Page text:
For it is necessary to realise now and forever what our long and bitter experience should surely have taught us, that a man no matter how great his capability and courage is of no importance in fighting except in his place in an army; that an army is not an aggregation of individuals but a co-ordinated and centralised instrument of policy; that actual fighting is frequently the least of the duties of an army, and that the two things that condition all uses of armies in any country are that country’s history and geography. These truths so often unrealised in Ireland are, of course, mere commonplaces on the Continent. In England an exaggerated importance attached to them may help in some measure to account for the abuse of professionalism in military matters which has followed the complete loss of ideals and the decay of public spirit among the English people. Yet with all their hatred of vital action and of the freedom that co-operation in just government alone can give, and in spite of their outcry for the liberty to do nothing whenever conscription or anything approaching universal training is mentioned, the English people will have to swallow a hastily rushed Act of Parliament providing for instant compulsory military service if and when any invasion of England by a Foreign Power becomes imminent. Needless to say it will then be too late. An army is not made in a moment. Owing also to the mystery that enwraps modern diplomacy, negotiations are kept so secret that no warning could be given officially until all was practically over. Only those who have come to close quarters with some modern campaign, and a few who read history with understanding, can picture anything of the hopelessness and horror of the inhabitants of a country who are forced to stand by helpless and impotent while the destinies of their home and country are bartered away by outside negotiators on points of policy or military success. This that might have been our fate at any time during the past century, when it would have been a questionable evil, will certainly be our fate in the years to come when its evilness will be beyond question, unless we take this opportunity of creating such a force in support of our own government as will infallibly make the voice of the Irish people audible in the Councils of Europe, and our decision the supreme factor in all questions regarding this race and nation.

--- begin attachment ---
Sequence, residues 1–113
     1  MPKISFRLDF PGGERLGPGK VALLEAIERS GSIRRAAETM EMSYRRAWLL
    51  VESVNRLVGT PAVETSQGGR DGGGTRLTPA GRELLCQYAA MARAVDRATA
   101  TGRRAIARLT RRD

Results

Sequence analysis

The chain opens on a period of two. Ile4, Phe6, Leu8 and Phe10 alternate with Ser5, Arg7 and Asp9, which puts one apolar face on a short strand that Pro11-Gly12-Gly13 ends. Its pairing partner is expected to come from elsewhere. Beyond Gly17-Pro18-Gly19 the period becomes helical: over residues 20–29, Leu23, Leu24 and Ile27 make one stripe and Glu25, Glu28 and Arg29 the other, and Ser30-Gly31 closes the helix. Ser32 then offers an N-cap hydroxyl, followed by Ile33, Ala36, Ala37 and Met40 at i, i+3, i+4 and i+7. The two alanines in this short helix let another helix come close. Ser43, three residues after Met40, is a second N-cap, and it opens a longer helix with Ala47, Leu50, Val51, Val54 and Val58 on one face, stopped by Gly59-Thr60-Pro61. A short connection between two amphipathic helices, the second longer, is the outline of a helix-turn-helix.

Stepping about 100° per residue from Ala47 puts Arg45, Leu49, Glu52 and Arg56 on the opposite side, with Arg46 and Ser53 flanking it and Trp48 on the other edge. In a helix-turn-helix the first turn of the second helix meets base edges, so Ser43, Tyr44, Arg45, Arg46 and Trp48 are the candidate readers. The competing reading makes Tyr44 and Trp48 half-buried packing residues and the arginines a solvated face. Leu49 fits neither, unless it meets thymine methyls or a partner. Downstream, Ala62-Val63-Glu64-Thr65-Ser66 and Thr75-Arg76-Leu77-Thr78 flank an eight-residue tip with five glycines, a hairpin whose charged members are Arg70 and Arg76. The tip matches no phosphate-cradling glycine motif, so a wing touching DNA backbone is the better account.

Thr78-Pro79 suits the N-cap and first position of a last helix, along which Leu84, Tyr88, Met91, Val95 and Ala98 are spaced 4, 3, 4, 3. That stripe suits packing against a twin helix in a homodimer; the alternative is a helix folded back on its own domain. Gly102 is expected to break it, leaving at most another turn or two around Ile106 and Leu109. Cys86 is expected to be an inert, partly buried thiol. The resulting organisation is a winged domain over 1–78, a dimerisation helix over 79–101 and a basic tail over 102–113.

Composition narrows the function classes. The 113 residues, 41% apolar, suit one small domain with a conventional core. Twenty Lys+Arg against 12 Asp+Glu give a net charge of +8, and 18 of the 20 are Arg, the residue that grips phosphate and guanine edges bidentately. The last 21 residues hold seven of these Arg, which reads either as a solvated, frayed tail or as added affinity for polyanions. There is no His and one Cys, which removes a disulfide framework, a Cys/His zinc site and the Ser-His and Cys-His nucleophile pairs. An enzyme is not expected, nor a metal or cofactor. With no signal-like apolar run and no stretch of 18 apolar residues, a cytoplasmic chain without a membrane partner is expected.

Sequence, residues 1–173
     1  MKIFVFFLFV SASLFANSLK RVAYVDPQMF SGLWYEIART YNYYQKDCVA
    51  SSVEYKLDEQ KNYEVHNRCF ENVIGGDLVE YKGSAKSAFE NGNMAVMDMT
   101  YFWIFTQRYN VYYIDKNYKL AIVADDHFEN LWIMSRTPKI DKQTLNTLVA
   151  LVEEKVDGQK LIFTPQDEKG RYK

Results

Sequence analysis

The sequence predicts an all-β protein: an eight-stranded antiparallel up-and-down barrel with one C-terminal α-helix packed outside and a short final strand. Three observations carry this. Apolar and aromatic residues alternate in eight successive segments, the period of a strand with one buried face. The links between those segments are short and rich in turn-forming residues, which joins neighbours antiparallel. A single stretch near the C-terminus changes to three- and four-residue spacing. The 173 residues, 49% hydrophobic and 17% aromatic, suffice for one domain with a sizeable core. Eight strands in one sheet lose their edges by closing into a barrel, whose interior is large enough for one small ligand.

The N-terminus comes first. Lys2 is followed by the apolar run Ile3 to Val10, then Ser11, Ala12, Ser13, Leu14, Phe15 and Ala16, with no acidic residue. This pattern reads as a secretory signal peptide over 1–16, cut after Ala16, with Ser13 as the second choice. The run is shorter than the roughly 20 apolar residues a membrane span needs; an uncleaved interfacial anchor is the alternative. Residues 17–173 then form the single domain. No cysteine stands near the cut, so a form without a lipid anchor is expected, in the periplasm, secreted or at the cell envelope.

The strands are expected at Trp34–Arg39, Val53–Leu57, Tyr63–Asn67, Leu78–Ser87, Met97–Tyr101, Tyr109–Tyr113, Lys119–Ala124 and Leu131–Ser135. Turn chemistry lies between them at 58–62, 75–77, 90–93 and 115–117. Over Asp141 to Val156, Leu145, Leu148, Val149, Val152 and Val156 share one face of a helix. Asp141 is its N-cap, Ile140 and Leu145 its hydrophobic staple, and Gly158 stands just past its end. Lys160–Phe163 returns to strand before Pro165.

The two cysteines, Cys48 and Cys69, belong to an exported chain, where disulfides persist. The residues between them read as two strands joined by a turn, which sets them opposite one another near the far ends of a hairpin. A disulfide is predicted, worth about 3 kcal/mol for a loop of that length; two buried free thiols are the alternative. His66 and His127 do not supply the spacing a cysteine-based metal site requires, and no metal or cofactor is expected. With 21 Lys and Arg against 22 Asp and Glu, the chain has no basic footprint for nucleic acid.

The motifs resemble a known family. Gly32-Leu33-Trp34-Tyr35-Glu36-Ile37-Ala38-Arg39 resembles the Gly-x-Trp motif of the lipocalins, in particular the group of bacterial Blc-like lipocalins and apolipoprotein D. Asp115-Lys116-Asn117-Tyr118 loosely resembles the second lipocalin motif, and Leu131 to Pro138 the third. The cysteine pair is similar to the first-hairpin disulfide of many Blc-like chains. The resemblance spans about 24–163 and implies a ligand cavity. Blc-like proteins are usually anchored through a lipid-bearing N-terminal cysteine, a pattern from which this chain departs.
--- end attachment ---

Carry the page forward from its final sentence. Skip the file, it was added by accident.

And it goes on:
To-day, thank God, our task is begun. Owing to happy coincidence of causes we have been able to inaugurate a movement that has put new heart into the builders of the Irish Nation at the very moment when they need most encouragement, the moment when the debris has been cleared away from the foundations, laid so long ago and their colossal work of reconstruction is about to begin. The conditions which made this movement possible are chiefly two. First, the absurd blunder perpetrated by the leaders of the Unionist Party in England in permitting themselves to be led by the nose by a little ring of fanatics and “interested” persons, under the impression that they had found a sufficiently sentimental and alarming catchword to rouse the English voters to prevent the passing of the Home Rule Bill; and for the sake of a party-cry committing themselves to the principle of military agitation as politically legitimate. The second condition is a nobler one. It is that the revivifying power of liberty is so great and its flood of light so overwhelming that its mere approach is sufficient to dispel the darknesses of lassitude consequent on complete or partial slavery, and to brace a people sinking into servitude and decadence to undertake its own regeneration.